More than 150 legal and human rights experts, including 45 former United Nations officials, recently signed their names to a statement prepared by an organization called Justice for the Victims of the 1988 Massacre in Iran. The document appealed to the UN Human Rights Council to “end the culture of impunity that exists in Iran by establishing a Commission of Inquiry into the 1988 mass extrajudicial executions and forced disappearances.”
Scores of ex-UN officials, experts demand UN probe of #1988massacre of political prisoners in Iran
— JVMI (@jvmifoundation) May 6, 2021
This statement emerged only about a week after the families of that massacre’s victims sent a letter to UN Secretary-General Antonio Guterres urging action to prevent Iranian authorities from implementing plans to demolish and build upon the sites of mass graves that have been informally identified by Iranian activists and human rights defenders. The letter highlighted recent news of efforts to destroy one such site at Khavaran Cemetery in Tehran, and it noted that the Iranian regime had previously “destroyed or damaged the mass graves of the 1988 victims in Ahvaz, Tabriz, Mashhad, and elsewhere.”
All told, similar gravesites have reportedly been identified in at least 36 cities by the People’s Mojahedin Organization of Iran (PMOI/MEK), the main target of the massacre itself, which took place in the summer of 1988, in the face of serious challenges to the theocratic regime’s hold on power. At that time, the regime’s then supreme leader Ruhollah Khomeini issued a fatwa declaring that members and supporters of MEK who opposed the system were enemies of God and therefore subject to summary execution.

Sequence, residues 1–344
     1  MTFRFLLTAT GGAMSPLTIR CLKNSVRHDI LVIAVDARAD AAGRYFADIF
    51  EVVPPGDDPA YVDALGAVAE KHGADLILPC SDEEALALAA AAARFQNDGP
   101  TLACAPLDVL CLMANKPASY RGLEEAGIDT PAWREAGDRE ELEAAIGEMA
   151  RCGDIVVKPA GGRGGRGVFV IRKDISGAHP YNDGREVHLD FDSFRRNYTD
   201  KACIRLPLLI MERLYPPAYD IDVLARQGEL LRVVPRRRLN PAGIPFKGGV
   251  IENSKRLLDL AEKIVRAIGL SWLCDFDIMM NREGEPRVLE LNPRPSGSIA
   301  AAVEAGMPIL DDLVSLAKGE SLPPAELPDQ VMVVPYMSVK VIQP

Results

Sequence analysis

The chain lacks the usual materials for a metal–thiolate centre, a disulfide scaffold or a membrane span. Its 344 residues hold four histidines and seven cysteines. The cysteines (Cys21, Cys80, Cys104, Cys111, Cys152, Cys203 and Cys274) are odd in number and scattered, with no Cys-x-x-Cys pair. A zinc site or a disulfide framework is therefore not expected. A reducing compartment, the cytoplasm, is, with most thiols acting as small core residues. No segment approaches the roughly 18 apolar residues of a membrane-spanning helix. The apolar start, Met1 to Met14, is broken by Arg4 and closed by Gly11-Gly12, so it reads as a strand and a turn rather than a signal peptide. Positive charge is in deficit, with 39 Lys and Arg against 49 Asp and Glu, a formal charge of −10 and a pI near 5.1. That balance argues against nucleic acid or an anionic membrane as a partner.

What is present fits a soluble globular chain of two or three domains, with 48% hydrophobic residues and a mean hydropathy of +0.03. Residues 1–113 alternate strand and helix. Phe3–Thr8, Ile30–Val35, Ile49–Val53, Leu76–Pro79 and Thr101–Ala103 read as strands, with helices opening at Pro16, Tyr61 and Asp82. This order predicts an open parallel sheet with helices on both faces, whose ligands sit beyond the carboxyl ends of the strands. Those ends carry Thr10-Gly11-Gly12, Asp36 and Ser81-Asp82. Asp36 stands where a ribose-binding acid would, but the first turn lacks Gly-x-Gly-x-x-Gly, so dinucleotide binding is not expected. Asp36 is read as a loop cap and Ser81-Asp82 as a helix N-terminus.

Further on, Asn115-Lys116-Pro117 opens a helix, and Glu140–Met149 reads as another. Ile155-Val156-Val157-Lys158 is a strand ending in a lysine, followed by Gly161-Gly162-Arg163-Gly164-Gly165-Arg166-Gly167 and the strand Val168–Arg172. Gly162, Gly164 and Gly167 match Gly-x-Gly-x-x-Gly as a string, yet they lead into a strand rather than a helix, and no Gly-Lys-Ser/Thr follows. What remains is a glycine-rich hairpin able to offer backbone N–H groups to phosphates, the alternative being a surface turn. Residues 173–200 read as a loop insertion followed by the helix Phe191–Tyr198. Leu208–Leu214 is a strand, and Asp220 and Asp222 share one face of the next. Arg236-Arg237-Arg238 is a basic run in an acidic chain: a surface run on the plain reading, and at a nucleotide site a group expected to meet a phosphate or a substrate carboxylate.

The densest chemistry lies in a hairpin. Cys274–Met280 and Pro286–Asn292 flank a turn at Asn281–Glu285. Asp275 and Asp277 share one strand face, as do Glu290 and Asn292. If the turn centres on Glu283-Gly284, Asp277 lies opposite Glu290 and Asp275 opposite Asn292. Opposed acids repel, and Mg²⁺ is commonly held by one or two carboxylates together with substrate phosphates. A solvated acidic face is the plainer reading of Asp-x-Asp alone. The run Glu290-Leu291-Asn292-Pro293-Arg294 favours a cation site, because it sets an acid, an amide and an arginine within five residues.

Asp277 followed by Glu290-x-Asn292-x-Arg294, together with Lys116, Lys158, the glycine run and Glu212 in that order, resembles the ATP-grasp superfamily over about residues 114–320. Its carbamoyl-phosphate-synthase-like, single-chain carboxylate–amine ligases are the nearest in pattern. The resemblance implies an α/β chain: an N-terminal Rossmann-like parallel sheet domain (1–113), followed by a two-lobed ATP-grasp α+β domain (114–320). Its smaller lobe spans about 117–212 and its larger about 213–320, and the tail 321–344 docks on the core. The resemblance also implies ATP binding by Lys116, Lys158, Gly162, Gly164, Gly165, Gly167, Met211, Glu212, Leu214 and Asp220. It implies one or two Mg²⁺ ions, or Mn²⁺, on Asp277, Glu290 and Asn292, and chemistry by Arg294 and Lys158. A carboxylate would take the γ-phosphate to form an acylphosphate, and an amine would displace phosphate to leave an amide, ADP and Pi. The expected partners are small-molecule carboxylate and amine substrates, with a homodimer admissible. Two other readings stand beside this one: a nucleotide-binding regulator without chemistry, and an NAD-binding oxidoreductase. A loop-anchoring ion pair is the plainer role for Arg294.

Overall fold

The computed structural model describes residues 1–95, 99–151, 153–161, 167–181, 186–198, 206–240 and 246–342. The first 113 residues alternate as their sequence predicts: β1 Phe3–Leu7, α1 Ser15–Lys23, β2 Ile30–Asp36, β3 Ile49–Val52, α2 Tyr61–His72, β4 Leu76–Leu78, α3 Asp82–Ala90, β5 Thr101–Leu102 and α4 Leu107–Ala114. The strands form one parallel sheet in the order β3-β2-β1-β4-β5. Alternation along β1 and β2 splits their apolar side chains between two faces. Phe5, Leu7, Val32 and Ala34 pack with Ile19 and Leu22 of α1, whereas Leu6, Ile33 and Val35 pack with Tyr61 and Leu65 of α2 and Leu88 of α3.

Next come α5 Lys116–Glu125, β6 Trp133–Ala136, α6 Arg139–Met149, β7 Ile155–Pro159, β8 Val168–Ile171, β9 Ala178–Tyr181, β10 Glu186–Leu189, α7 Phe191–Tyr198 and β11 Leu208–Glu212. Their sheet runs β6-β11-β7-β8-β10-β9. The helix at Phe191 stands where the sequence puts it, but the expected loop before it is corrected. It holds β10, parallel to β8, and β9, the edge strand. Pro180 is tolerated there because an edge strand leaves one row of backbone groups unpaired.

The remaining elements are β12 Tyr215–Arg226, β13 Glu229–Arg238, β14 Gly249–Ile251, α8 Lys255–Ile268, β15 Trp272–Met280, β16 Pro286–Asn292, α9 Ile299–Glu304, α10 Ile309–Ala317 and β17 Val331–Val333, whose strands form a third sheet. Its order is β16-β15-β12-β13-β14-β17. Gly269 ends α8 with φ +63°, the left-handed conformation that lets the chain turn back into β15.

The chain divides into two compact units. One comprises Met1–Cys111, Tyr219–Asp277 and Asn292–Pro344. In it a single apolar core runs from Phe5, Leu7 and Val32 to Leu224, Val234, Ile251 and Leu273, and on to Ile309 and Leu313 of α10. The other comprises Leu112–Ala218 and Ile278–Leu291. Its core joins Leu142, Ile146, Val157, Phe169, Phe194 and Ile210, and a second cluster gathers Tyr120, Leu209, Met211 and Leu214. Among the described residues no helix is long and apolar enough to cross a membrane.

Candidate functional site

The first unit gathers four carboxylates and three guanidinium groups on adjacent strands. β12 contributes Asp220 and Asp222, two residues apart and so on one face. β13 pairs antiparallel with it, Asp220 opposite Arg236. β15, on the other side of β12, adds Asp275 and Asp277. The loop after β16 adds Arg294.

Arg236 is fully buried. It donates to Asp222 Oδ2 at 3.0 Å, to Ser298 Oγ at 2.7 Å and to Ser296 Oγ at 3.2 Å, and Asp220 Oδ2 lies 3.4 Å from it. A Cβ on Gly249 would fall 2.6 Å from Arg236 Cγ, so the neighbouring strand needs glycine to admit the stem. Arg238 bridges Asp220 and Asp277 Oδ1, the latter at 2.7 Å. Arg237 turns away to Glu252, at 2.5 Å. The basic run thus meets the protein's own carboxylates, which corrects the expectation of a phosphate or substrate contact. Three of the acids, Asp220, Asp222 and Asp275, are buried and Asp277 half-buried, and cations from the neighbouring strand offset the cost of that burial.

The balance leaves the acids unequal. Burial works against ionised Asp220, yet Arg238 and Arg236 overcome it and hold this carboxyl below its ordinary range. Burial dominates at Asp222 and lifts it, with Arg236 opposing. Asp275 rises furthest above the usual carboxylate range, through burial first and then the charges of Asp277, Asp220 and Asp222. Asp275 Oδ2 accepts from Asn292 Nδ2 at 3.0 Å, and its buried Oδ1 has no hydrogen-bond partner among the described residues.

In response, prison facilities throughout Iran convened tribunals that came to be known as the “death commission,” which interrogated political prisoners, focusing on known and suspected members of the MEK, and ordered the hanging of all those who failed to demonstrate fealty to the supreme leader and the theocratic system. In many cases, the prisoners were hanged in groups and then taken away in refrigerator trucks for burial in the mass graves. The diverse array of those graves’ locations is a testament to the breadth and scale of the massacre, which is believed to have claimed upwards of 30,000 lives.
This death toll naturally left behind a wealth of evidence in the form of bodies, records, and eyewitness testimony. However, that evidence was never collected or examined by international authorities, even though Iranian activists sought to bring the killings to the attention of policymakers across the globe. This effort succeeded in prompting the United Nations to mention the massacre in a contemporary resolution condemning Iran’s human rights abuses, but leading UN member states declined to take further action in the face of policies that prioritized relationships with so-called moderate Iranian officials, rather than the confrontation of those deemed most responsible for such abuses.